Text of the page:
There’s trouble brewing over at the Big Australian – BHP. Investors are now starting to turn on the once impregnable company. Blackrock, BHP’s single biggest shareholder, recently sold a third of its holding.
Blackrock’s worried that BHP is investing too much money, from which returns won’t surface for many years. According to today’s Financial Review, BHP plans to invest around $100 billion between now and 2020. This is more than the company has invested in the past 20 years.
BHP currently generates a ‘return on capital employed’ of around 25 per cent. To maintain this rate of profitability, the company must add $25 billion in operational earnings by 2020. Given the long lead times between making investments and seeing return on them, this is not going to happen.
And that’s what investors are nervous about. It is likely that BHP’s profitability will drop in the years to come as it invests capital and patiently awaits returns. But just what those returns will turn out to be in a post-China boom world is also a source of concern.
For a capital-intensive resource company, BHP’s returns on capital and equity over the past five years or so have been exceptional. That’s largely thanks to the iron ore division. In the six months to 31 December, BHP’s iron ore operations produced an EBIT (earnings before interest and tax) margin of 65 per cent. And according to the 2011 annual report, the division generated a return on capital of nearly 100 per cent!
Remember, this is a bulk commodity. Granted, it’s some of the highest quality iron ore in the world. But is such a high return on its production sustainable?
No way. And as we’ve said many times before it’s all a result of China’s fixed-asset investment boom. The lending boom in China created a profitability boom in Australian iron ore production. In the coming decade those returns will revert to the mean.
Part of the reason China’s slowdown has not yet hit the iron ore price in a big way is because China doesn’t act like a capitalist economy. That is, it doesn’t respond to price signals the way private entrepreneurs do.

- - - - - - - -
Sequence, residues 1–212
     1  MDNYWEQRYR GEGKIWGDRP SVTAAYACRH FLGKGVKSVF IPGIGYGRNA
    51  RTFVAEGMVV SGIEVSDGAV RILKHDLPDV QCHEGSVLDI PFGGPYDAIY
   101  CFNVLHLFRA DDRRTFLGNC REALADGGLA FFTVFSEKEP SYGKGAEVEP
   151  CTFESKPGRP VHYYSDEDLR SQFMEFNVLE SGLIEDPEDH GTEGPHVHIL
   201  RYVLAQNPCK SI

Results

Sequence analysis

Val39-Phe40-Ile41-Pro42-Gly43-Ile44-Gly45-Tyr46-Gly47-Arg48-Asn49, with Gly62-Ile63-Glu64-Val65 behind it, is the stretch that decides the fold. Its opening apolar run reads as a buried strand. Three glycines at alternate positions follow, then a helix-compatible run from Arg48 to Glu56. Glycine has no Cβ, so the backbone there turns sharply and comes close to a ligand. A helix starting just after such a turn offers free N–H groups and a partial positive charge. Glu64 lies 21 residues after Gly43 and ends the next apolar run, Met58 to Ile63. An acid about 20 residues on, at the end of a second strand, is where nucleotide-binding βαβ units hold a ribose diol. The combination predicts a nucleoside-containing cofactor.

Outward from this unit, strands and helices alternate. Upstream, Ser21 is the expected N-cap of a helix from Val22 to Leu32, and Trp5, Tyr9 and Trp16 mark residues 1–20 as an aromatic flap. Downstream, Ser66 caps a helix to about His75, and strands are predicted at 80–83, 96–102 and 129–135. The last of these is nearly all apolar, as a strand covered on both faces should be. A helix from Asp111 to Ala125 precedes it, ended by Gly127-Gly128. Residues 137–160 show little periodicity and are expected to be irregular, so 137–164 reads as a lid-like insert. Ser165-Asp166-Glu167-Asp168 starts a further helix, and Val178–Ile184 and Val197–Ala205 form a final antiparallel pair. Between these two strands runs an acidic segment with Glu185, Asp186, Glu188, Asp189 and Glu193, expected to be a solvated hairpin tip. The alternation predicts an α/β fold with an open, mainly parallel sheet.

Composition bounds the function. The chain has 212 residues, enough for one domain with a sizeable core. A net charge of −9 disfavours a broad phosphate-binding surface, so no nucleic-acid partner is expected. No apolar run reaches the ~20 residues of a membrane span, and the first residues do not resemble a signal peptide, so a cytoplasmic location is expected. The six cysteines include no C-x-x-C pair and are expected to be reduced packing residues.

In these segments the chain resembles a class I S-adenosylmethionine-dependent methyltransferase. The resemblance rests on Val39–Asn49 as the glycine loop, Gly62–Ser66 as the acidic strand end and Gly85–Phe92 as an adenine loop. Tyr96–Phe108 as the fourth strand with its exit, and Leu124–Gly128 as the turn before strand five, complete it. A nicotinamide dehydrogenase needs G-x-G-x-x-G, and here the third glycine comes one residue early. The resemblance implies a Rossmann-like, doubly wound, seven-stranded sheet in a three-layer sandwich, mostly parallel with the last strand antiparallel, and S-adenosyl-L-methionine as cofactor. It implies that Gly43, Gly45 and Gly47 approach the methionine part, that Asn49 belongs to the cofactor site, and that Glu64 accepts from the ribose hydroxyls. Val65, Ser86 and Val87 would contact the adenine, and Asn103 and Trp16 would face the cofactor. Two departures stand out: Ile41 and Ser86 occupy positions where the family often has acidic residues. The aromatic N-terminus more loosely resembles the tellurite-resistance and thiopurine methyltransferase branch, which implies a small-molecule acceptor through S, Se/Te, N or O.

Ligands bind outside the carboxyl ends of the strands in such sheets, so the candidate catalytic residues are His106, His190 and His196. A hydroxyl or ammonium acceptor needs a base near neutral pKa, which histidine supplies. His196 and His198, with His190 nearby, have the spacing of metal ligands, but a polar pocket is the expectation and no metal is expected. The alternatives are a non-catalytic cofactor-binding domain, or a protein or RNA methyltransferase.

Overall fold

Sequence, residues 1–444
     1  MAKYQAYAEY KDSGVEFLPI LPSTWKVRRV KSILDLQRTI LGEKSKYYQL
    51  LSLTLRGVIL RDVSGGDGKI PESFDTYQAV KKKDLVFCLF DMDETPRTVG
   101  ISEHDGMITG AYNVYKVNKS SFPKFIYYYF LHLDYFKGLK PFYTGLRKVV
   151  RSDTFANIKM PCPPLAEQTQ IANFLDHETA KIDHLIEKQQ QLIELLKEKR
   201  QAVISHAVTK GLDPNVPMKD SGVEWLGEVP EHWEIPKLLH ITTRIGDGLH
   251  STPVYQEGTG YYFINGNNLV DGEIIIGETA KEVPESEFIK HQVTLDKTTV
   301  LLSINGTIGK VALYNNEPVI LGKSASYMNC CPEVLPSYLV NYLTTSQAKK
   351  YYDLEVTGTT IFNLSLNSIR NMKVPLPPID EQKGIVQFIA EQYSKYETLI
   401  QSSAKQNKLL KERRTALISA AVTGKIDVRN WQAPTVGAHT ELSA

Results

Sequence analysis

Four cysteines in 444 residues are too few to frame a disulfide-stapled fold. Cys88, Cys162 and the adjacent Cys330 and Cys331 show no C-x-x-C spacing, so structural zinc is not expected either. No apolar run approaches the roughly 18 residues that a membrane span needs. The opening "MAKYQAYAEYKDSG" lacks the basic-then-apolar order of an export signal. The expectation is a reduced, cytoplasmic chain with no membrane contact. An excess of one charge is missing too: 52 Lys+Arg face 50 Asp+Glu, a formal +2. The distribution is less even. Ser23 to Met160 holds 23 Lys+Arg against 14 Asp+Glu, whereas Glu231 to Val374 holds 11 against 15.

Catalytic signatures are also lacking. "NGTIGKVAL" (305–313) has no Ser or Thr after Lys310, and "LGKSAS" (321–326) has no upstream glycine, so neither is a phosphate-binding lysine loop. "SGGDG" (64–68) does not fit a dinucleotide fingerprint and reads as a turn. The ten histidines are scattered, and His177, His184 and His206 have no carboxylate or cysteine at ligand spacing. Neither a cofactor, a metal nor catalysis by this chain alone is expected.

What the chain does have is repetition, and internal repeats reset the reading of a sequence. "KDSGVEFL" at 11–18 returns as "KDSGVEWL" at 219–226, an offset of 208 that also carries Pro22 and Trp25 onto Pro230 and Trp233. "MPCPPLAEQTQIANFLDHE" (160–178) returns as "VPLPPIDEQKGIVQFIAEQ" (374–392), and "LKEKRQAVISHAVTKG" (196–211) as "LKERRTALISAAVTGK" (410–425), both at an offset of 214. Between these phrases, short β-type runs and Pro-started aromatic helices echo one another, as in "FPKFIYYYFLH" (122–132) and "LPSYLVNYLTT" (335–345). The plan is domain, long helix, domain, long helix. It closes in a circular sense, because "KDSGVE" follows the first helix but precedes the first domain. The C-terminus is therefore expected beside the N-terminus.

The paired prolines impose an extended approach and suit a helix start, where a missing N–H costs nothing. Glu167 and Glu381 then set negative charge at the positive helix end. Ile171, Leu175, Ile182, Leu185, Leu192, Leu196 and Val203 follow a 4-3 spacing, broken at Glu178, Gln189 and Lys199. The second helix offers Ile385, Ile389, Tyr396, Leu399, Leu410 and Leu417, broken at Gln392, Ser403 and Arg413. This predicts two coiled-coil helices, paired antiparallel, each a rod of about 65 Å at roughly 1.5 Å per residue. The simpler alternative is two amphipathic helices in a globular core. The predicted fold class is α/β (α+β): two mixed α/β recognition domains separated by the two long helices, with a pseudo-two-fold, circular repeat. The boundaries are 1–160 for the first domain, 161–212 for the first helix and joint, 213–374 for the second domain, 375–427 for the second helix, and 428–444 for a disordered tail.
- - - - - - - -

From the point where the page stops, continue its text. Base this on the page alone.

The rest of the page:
We’ll give you an example. China’s steel factories are churning out an excessive amount of steel. There’s excess production. Angang Steel, the country’s second largest steel producer made a loss of around US$340 million in 2011. In 2010, a boom year for production, it managed to generate a miserable return on equity (equity is another word for shareholders’ funds) of just 3.5 per cent.
The country’s largest steel producer, Baosteel, is struggling too. Its parent company, concerned at the lack of profits in the steel industry has diversified into other industries in recent years. Now, around 50 per cent of its profits come from non-steel activities.
The state is the majority owner of both of these companies. The state owns and runs most of China’s output. The state’s focus is not on profit and profitability…it’s on social stability. Keeping people employed and subservient is the number one priority of China’s ruling class. That way they can go on gaming the system.
As one steel mill manager recently told China’s business magazine, Caijing:
“We’re under a lot of operating pressure right now. Because it’s related to employment, we cannot just cut production. We’re now in a situation where we lose several hundred yuan on a ton of steel.”
That’s right, China produces steel at a loss to maintain employment. Hardly a sustainable state of affairs…although, to be fair, China’s ‘system’ can sustain abnormal economic behaviour probably longer than any other.
But this has important implications for Australia’s resources industry – and especially the bulk commodity producers of iron ore and coal. If demand and prices are the result of uneconomic decisions, then they are unsustainable. When the price structure finally reflects this, expect share prices to fall.
To some extent, investors have anticipated this. Check out BHP’s share price performance since mid-2009. It’s virtually gone nowhere. We asked Slipstream Trader Murray Dawes what he thought of the price action…and the reply wasn’t reassuring.
BHP is teetering on the edge of a massive support level. The last time BHP broke under $34 in a long-term downtrend was in late 2008. Back then it fell around $14 in a matter of months. Also, it must be remembered that at $34 there is about three years’ worth of buying in BHP that is out of the money. When they capitulate you will see a mass exodus out of BHP, which could cause a similar move to the one we saw in 2008.
Thanks for the cheerful prognosis Muz!
Yet it looks ‘cheap’…which we suspect is the reason why so many investors stick to the story. Based on 2013 earnings forecasts, BHP trades on a price-to-earnings ratio of around 7.6 times. Clearly the market does not believe BHP will meet the earnings forecasts. And we don’t blame it. Betting on continued 100 per cent returns on investment in iron ore is not one we’d like to make.
Here’s another interesting chart related to China. It shows the performance of the Shanghai Stock Exchange (red line) versus the All Ordinaries Index over the last year. There’s been a marked divergence in recent days. Shanghai has gone south, while Sydney has turned north.
We don’t know what it means, but rarely have the two exchanges parted company for an extended period of time.
for Markets and Money
From the Archives…
Gold Money: A Once-in-a-Generation Buying Opportunity
2012-03-23 – Greg Canavan
A Question Australia Might Have to Answer
2012-03-22 – Joel Bowman
Australian Tax: Running Government at a Profit
2012-03-21 – Nick Hubble
China: Why All Feasts Must Come to An End
2012-03-20 – Satyajit Das